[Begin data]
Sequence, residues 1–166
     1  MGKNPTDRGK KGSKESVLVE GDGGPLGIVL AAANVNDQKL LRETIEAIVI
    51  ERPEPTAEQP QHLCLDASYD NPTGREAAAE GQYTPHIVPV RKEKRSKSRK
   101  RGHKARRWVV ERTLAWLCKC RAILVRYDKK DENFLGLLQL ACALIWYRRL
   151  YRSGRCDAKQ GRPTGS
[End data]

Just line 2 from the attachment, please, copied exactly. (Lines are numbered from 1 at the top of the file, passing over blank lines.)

     1  MGKNPTDRGK KGSKESVLVE GDGGPLGIVL AAANVNDQKL LRETIEAIVI